"A Scholarly Critique of the Style, Symbolism and Sociopolitical Relevance of Gilligan's Island." You really have to read the whole thing to appreciate it. Here's a sample:
Gilligan, the Skipper's "little buddy", embodies every extraneous governmental agency, policy and program ever foisted on innocent people anywhere. It is "Gilligan's island." Gilligan is well-intentioned. He sincerely wants to help. Gilligan saves no exertion, refuses no absurdity, respects no boundary in his unceasing efforts to solve, or at least soften, any and all of the everyday problems of the castaways. More often than not Gilligan is the problem. At best he makes a bad situation worse. At worst, he makes a great situation completely unbearable.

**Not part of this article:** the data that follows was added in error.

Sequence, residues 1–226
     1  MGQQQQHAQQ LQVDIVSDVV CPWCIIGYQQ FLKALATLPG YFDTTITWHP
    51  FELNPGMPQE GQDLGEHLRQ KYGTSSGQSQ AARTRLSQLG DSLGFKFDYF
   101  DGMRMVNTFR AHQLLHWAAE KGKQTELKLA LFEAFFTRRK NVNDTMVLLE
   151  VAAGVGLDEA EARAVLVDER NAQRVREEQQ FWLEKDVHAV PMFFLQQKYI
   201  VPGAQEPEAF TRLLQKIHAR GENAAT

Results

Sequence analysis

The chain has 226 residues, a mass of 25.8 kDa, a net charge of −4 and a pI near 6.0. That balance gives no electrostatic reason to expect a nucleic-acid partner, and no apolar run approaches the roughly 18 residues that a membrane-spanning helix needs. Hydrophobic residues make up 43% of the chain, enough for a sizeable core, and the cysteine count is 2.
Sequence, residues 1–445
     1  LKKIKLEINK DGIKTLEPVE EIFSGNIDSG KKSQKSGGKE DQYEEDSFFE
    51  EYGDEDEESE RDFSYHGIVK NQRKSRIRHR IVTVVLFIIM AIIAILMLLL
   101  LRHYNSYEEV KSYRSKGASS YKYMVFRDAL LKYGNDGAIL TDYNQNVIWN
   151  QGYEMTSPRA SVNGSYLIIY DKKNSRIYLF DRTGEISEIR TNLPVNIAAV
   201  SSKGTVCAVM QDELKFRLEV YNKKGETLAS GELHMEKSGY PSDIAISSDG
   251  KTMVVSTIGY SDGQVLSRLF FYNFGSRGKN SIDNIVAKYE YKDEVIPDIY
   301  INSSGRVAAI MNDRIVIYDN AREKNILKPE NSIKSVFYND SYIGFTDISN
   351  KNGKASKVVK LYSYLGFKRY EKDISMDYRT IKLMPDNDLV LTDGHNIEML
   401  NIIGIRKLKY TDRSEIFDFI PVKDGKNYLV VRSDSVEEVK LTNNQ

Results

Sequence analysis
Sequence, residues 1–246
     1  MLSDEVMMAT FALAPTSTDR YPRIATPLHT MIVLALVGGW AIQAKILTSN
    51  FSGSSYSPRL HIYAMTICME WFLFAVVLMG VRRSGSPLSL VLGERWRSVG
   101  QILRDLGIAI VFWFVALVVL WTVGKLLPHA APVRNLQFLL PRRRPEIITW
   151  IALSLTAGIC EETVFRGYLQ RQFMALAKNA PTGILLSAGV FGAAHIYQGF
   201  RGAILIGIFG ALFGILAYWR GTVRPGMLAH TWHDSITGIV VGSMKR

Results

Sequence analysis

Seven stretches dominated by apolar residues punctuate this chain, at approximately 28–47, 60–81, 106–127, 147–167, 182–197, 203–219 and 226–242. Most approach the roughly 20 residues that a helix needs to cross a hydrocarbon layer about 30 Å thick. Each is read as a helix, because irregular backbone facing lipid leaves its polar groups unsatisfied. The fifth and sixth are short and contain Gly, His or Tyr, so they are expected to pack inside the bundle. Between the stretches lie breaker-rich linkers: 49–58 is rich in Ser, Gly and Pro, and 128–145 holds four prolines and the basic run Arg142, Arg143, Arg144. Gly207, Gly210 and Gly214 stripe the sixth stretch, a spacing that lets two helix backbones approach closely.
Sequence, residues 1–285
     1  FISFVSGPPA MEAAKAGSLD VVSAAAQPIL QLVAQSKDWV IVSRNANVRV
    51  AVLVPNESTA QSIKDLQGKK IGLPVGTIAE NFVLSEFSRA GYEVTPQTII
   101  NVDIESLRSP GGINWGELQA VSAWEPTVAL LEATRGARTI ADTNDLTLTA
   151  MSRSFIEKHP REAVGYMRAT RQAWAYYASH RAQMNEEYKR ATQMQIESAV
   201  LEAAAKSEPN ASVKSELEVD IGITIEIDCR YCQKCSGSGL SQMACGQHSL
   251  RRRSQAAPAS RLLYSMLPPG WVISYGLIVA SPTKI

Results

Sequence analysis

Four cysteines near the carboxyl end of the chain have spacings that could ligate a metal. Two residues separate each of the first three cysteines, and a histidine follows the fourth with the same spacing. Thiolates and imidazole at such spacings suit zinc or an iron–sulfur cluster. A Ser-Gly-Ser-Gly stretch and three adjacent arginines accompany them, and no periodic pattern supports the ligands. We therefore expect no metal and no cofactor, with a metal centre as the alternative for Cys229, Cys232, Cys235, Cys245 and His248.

In every episode, Gilligan somehow manages to ruin another chance for the castaways to be rescued. Still, in the next episode, everyone will rely on Gilligan for some critical act. Schwartz forces us to ask, "Why do they continue to trust Gilligan when they know he will fail?"